Even the idea of asking the client about the intended use is problematic. What happens if they sell the boat and the next guy wants to go seriously offshore? Schionning mentioned this once and it is probably a good reason to design for the same structural integrity no matter what the intended application. The sad thing is that our boats are hard to reverse engineer. A three beam tube cat is easy but a bridgedeck design is tricky. That's probably why Crowther's early cats have three beams. My 12 year old design does too. Getting the cabin to do some work is probably very tricky. What happens if the next owner cuts a window in a load path. Even the dumbest owner knows better than to cut a hole in a beam so it is probably best to only take the box beams into account for loading.

    So can Groper be given what he wants. Obviously he can - a simple rule of thumb. Like tie the hulls onto the wharf and let the tide go out. Wharran once said his designs could take a second cat's weight and still not break. Then go away and do the maths. A builder will know how to avoid problems as they have done in the past. The problem as I see it is that these rules of thumb are a probably shamefully rudimentary and yet very valuable so they are not given out freely.

    So Groper - I am busting to do an article on John Hitch who half designed the Kraken 33 and Hitchiker cats. I can see if he will let us know a secret or two.

    cheers

    Phil
     
  2. cavalier mk2
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    cavalier mk2 Senior Member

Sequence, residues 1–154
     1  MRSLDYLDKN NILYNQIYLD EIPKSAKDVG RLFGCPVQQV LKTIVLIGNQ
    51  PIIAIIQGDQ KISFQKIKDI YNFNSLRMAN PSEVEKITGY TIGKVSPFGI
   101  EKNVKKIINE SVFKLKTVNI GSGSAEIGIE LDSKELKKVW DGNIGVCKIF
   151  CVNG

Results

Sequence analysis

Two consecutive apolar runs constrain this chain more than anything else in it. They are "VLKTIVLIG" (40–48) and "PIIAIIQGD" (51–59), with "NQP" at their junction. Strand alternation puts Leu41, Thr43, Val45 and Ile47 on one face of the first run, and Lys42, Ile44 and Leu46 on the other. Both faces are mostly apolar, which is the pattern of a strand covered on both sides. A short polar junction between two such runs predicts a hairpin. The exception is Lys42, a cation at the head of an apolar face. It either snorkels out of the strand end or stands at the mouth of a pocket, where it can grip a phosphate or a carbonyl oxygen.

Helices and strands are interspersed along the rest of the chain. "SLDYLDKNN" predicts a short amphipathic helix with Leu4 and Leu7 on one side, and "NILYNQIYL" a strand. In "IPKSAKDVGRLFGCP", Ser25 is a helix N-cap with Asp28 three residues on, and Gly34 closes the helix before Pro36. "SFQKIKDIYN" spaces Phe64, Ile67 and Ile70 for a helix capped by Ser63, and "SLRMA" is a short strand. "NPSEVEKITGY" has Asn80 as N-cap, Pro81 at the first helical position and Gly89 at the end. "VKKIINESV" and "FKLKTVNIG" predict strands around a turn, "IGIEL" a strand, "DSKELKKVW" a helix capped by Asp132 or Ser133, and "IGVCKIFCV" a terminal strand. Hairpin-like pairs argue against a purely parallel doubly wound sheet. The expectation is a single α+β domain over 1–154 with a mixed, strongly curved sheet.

In the case of the designers mentioned I'd add Rudy Choy, they all developed their boats and scantlings over what worked and what needed to be strengthened. I talked to Dick Newick about some of these things and it seemed like they had a intuitive understanding from seatime how things worked and where the loads came from. He was excited at the time about his large Traveler design because the client had been involved with the Chaparral race cars. He was asked where he got his scantlings and replied this is how we've built them. The client had access to advanced composite engineering and was able to come up with a lighter structure. I think this ability to keep learning and applying the experience gained is what helped these guys develop their craft.
     
  3. cavalier mk2
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    cavalier mk2 Senior Member

    I'm going to add th quality of imagination to the above posting for designer requirements. I think all these people are/were able to visualize/imagine the loads from observation and create the structure to withstand them. A straight engineering approach may well miss loads that weren't specified or allowed for.
     
  4. catsketcher
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    catsketcher Senior Member

    Yeah Cav - In his book Rudy calls it R and T - Rough and tumble instead of research and development. Aikane - wasn't she the best!